Over the summer holiday, my son became bilingual.

That’s probably not technically correct, but that’s certainly my experience of what happened. We flew to the United States in August—our first family trip home in three years—and then, after about a week and a half, Boy started speaking English. Fluently.

Anyone observing our son in his current Japanese context would assume him to be a native speaker of English. Old women passing us on the streets in our neighborhood frequently gasp at his Day-Glo pale skin, his somber cuteness. Some lean in close, pat his head, and try out a few phrases, thinking perhaps this will put him at ease: Hello? Name? How old?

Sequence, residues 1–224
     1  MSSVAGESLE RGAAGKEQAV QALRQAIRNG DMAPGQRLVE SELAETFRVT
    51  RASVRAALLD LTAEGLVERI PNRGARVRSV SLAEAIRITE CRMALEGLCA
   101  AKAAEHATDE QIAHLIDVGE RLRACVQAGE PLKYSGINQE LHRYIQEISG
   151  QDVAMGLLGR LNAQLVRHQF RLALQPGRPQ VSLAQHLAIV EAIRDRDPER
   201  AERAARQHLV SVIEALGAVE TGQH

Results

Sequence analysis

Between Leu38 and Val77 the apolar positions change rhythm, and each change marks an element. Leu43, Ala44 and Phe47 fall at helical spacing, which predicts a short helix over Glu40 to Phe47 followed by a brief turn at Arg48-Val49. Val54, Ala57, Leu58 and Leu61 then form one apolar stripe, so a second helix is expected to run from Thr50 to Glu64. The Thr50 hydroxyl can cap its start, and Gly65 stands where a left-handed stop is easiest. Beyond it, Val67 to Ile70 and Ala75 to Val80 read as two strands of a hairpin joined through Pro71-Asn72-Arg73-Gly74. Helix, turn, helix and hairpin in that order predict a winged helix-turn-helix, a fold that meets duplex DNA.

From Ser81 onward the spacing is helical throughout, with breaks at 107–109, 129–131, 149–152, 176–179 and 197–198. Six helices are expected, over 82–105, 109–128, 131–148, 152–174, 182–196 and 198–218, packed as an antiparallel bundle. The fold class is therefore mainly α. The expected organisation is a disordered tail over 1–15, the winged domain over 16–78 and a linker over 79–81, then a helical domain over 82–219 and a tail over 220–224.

These words are gifts. I know the women are trying to be generous—they are being generous—but it is always exactly the wrong thing to say. He clutches at my legs, refuses to speak, his gaze falling to his shoes.

Often, he doesn’t know what is being said or asked of him. After all, Mama and Papa’s English doesn’t sound like that. “He speaks Japanese,” I explain again and again. “He goes to day care here.” The conversation is always a lost cause from that point on, though. Those kindly old women must think it’s very sweet that I think my boy speaks Japanese.

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